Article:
Forever Wild Succeeds in Preserving Alabama’s Outdoor Treasures

The Turkey Creek Nature Preserve is one of the creations of Alabama's Forever Wild Land Trust.
The Turkey Creek Nature Preserve is one of the creations of Alabama's Forever Wild Land Trust. André Natta
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No matter where you live in the United States, you will be hard pressed to find hunters, anglers, equestrians, hikers, paddlers, and mountain bikers agreeing on anything. But in Alabama they do. They all agree, as do many national organizations and trail groups, that the Alabama Forever Wild Land Trust program is arguably the most successful state run program ever in the history of Alabama.

Since its inception in 1992 Forever Wild has become an overwhelmingly successful protector of our environment while providing access to some of the most beautiful and unique landscapes anywhere in the southeast for recreational purposes.

Not an Overnight Success

A baby gator along the bayous of the Mobile-Tensaw Delta.
A baby gator along the bayous of the Mobile-Tensaw Delta. Joe Cuhaj

The story of Forever Wild actually begins in the 1970s when a group of environmental activists and a fledgling Alabama Conservancy began looking at ways for the state to acquire environmentally sensitive lands and protected them from development. It wasn’t until 1984 that a group of scientists and educators formed the Alabama Natural Diversity Inventory (ANDI) program and created a database of Alabama’s natural diversity. Several studies have been conducted over the years and the results were astounding. They placed the state fifth in eco-diversity among all 50 states.

It wasn’t until the late 1980s when biologist Dr. Doug Phillips, host of the Alabama Public Television series Discovering Alabama, along with several of his colleagues, took up the mantle set forth by ANDI and began looking at creating a true land acquisition program. The fruit of their labor was realized in 1992 when the Alabama Forever Wild Land Trust Bill was brought before voters.

The bill would establish an agency to purchase and protect environmentally sensitive or historically significant land. It would be funded by pulling a small percentage of the interest the state earns each year from taxes collected through offshore natural gas and oil leases. The public was in favor of the bill, and it passed with an overwhelming 83 percent of the vote. Forever Wild was born.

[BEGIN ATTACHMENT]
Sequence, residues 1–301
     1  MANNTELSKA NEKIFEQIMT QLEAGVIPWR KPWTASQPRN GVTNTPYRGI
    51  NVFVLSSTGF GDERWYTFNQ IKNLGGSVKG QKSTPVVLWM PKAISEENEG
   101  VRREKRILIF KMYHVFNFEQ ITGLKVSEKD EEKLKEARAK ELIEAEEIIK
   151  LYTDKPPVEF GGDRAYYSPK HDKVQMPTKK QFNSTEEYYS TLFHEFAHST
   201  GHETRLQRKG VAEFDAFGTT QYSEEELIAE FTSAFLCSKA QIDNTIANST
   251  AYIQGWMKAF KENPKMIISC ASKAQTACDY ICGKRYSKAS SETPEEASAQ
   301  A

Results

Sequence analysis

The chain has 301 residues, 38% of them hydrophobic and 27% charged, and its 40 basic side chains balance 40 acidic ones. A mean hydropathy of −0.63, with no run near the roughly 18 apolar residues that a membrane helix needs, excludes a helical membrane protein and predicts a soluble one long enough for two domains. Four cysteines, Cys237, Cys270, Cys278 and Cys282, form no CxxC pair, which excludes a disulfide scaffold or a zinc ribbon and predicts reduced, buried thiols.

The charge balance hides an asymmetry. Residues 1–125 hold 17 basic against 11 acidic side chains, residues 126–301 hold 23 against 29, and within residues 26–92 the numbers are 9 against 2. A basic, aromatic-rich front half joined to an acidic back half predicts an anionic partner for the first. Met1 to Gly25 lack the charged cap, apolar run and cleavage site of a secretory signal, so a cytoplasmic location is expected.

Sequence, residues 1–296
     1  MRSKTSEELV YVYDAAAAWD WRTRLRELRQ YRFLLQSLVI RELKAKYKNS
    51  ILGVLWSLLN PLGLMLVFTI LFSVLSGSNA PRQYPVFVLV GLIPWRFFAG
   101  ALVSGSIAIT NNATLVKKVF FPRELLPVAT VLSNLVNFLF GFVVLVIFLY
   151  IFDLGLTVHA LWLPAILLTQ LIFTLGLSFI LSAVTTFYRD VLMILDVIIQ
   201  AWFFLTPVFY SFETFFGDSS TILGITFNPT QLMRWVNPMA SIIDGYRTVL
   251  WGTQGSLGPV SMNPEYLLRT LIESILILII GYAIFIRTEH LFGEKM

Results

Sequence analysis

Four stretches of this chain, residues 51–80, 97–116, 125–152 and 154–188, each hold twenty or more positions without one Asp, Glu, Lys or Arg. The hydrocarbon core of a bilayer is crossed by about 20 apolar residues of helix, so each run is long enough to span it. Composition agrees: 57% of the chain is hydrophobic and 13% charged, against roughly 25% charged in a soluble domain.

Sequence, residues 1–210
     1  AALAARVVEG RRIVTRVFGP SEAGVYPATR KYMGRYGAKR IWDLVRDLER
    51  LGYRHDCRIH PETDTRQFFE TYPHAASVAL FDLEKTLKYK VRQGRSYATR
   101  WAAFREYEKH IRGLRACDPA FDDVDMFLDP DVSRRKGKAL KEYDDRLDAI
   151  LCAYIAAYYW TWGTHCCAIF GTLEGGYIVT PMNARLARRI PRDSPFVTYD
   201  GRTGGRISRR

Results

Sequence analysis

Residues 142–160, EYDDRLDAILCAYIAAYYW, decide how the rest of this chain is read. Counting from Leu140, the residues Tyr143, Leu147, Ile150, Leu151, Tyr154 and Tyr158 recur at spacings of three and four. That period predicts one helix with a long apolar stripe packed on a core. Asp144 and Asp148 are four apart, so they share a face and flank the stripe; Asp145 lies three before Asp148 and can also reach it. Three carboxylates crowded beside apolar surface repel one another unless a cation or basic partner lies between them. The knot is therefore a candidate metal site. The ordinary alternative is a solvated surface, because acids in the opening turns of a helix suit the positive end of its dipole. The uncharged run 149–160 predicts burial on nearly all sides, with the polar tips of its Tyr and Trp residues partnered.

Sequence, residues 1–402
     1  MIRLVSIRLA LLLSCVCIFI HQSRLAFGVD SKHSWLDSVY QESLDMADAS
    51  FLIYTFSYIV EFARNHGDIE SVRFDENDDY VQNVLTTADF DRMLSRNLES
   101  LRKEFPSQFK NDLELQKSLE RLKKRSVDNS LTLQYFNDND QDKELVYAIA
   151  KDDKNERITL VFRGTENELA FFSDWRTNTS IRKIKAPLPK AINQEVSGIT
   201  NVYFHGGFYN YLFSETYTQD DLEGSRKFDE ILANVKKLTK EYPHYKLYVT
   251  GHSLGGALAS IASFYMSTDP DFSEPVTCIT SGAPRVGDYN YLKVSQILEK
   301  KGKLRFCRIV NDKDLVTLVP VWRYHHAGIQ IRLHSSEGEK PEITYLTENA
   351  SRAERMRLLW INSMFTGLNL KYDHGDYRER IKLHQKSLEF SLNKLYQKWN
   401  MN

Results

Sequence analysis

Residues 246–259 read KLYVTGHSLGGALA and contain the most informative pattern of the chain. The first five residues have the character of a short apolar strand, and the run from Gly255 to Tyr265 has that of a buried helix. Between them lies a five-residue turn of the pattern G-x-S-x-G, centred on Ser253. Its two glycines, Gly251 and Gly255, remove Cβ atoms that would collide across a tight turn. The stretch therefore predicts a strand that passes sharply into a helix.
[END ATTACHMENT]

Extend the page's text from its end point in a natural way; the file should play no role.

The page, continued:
A True Success Story

The greens of spring reflect in this tiered stream at the Shoal Creek Preserve.
The greens of spring reflect in this tiered stream at the Shoal Creek Preserve. Joe Cuhaj

The management of Forever Wild has been phenomenal. The directors have been able to successfully leverage the funds they receive from oil leases to receive substantial federal grants that in turn helps increase their land acquisition.

The true success of Forever Wild, however, is not only because they know how to manage the checkbook. It comes from what they do with the acquisition after it’s purchased. The program does not simply buy land and tuck it away. As much as possible Forever Wild opens these beautiful landscapes, historic sites, watersheds, and truly amazing eco-systems to the public for outdoor recreation such as hunting, fishing, hiking, mountain biking, and horseback riding. The bottom line is that Forever Wild has done the impossible—it brought all of these groups together in harmony and protected some of Alabama’s most precious lands.

A bridge crosses Coon Creek at the Forever Wild Coon Creek Preserve.
A bridge crosses Coon Creek at the Forever Wild Coon Creek Preserve. Joe Cuhaj

Since its inception Forever Wild has acquired 111 land and water tracts totaling more than 214,000 acres. Some of the most notable areas include the second largest river delta in the country, the wild Mobile-Tensaw Delta , the beautiful Turkey Creek Nature Preserve , and the most popular hiking and horseback riding destination in the state, the Walls of Jericho , an amazing bowl canyon with a tiered waterfall that disappears into the rock walls and gushes out at the bottom.

Even though the program has been successful, Alabama still lags far behind the amount of acreage that has been saved in other states. But Forever Wild continues to press on to protect more of “Alabama the Beautiful.”

Find out about all of the recreational activities Forever Wild lands provide by using their online interactive map.

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